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Abrams: Get Involved – Lots to Feel Good About

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abrams-jeff-indybarI walked around the office at the end of last month asking attorneys if they had any interest in getting more involved with the Indianapolis Bar Association. A few of the attorneys looked at me with a “deer in headlights” look and told me that they really did not know a lot about the opportunities for participation with the IndyBar. I then mentioned to them several committees, programs and other opportunities where the glaze in their eyes became much more focused.

The Indianapolis Bar Association provides numerous programs, benefits and services to our community and provides you with an opportunity to give time or resources to those that interest you. Please consider getting more involved with the IndyBar in any of the following, which are not entirely inclusive since we provide in excess of 75 opportunities for involvement.

Bar Leader Series, Bar Leader Projects and Bar Leader Graduate Series. Each year the Bar Leader Committee selects 25 young lawyers to serve in the Bar Leader Series. These attorneys meet monthly and learn about all aspects of the legal community, with notable public leaders educating them about all aspects of the law and Indianapolis. They also participate in smaller groups to provide some benefit to a local organization. These have ranged from helping students at an inner-city school learn about golf and the disciplines attendant to it as well as seeking donations from friends and co-workers for Dress for Success.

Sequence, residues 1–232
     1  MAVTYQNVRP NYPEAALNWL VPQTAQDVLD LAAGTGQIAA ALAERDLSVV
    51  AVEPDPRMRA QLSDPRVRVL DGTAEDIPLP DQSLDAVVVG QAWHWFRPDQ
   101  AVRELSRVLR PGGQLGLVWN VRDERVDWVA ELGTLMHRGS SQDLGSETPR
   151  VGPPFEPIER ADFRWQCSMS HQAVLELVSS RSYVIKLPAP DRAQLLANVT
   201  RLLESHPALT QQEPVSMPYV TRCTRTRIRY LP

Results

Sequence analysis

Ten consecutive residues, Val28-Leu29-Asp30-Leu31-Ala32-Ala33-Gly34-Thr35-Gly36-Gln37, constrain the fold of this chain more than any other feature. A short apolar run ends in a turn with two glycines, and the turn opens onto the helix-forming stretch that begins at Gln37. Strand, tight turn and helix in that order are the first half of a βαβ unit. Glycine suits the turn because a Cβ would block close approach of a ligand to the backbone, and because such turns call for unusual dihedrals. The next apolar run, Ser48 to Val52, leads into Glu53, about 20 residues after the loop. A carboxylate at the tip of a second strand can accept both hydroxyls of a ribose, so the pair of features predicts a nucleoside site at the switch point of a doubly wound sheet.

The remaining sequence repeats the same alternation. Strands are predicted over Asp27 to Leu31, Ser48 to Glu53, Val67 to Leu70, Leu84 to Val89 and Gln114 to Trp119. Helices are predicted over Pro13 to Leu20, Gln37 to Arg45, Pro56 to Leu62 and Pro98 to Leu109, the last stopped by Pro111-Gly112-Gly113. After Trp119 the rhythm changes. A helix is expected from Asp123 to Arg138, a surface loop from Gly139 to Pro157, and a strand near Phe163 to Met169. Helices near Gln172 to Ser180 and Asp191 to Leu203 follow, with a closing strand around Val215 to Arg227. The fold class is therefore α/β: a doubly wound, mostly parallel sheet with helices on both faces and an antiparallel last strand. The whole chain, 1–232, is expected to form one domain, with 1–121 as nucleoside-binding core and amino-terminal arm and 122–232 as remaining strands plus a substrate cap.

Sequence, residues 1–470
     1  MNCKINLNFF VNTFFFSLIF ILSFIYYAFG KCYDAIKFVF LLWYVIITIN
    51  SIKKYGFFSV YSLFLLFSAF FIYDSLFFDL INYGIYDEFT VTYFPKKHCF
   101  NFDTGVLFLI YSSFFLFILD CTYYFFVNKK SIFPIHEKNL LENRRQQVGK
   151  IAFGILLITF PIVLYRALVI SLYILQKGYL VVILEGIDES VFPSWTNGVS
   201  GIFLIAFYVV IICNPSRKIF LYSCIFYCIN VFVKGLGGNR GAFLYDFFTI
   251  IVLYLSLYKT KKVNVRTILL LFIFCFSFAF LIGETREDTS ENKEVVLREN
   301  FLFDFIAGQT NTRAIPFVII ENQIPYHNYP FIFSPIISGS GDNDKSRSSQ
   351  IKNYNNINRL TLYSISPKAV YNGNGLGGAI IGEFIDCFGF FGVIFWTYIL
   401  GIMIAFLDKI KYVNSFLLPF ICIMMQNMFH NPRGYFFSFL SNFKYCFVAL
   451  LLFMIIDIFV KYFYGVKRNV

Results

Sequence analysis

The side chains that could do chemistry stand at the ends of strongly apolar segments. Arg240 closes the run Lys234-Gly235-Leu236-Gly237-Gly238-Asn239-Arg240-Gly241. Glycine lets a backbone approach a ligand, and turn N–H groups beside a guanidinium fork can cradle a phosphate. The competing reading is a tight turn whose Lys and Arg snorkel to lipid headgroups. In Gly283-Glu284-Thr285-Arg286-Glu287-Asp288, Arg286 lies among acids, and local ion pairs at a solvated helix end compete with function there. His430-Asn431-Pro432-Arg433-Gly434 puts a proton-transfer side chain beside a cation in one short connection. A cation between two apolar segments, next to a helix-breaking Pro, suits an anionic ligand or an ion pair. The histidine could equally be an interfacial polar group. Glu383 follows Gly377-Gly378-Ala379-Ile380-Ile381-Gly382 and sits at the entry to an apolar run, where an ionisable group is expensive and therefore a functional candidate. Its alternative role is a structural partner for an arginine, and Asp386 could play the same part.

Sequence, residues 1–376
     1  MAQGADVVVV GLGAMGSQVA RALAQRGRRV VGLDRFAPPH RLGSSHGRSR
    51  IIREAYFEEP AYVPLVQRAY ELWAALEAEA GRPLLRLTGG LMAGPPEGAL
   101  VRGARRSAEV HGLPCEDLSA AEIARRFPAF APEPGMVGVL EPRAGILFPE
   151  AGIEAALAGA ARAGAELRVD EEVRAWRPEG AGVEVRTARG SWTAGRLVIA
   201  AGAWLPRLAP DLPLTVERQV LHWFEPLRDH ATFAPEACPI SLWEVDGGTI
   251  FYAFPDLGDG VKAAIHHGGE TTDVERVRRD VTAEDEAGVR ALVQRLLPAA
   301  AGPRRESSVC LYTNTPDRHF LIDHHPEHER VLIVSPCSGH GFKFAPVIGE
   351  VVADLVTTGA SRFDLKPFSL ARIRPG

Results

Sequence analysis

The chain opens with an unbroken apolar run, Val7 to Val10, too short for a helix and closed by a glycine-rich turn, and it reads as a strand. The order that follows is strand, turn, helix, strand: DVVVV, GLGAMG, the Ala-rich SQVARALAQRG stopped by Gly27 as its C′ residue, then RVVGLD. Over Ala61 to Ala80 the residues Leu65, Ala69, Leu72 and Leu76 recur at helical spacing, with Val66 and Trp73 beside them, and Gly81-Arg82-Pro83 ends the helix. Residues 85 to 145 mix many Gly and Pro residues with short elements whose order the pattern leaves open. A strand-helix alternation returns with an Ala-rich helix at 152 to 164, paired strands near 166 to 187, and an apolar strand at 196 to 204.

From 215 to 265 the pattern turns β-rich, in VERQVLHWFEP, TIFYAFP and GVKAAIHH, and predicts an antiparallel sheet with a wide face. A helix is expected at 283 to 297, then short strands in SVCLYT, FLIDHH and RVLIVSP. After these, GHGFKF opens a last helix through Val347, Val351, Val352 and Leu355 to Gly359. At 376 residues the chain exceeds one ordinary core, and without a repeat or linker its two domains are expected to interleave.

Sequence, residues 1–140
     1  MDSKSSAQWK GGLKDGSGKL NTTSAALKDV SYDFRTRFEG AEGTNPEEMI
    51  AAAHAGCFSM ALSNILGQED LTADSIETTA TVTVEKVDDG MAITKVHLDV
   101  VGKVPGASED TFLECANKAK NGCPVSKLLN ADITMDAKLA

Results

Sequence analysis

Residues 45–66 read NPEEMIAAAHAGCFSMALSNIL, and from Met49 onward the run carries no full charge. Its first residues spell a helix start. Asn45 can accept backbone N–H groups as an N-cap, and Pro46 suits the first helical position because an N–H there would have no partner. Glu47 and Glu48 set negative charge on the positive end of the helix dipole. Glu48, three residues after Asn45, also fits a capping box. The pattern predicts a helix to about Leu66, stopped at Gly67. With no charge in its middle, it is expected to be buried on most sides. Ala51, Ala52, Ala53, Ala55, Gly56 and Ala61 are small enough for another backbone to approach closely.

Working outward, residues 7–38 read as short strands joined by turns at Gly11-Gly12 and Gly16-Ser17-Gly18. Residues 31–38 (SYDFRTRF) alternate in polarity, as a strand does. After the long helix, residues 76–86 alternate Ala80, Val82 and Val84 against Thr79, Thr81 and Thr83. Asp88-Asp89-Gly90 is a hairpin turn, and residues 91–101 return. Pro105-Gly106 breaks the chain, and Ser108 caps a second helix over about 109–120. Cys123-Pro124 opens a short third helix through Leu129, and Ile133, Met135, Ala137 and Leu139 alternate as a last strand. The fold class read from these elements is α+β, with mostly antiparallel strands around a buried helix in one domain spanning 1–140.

You can serve on the Pro Bono Committee and/or assist in any of the numerous projects they have including Ask A Lawyer, Commonly Asked Questions About Indiana Law, Homeless Project, Hospice Project, Legal Line, Marion Superior Court Pro Bono Project or Pro Bono Alliance with the Indianapolis Legal Aid Society. I could go on and on about the benefits and how rewarding it is to participate in any of these programs, but I would not have any space left on this page for any other programs. Suffice it to say that they are incredibly worthy programs that help people in dire need of our legal services and advice.

Our Public Outreach Committee provides opportunities for students at Shortridge High School to shadow you for a day if the student has any interest in the legal profession. Students spend part of a day with you, watching you, sitting with you and attending all daily activities. This can be incredibly rewarding for students interested in legal careers and personally very gratifying to know that you may have encouraged someone who otherwise would not have dreamed about becoming a lawyer to seriously consider how he or she can ultimately join our Bar following graduation.

The Paralegal Committee and Criminal Justice Section hold collection drives for the city’s “Bears on Patrol” program, where stuffed bears are donated to law enforcement, fire fighters and EMS personnel who give them to children when they are involved with traumatic experiences. This can be amazingly comforting to young people during a difficult time in their life.

The Law Student Division provides opportunities for students to have breakfast with bar leaders on a regular basis. These informal meetings are small in size where attorneys educate a law student on the workings of the practice of law and the Indianapolis Bar Association. Some of these breakfasts have led to good friendships between lawyers and law students and also job opportunities.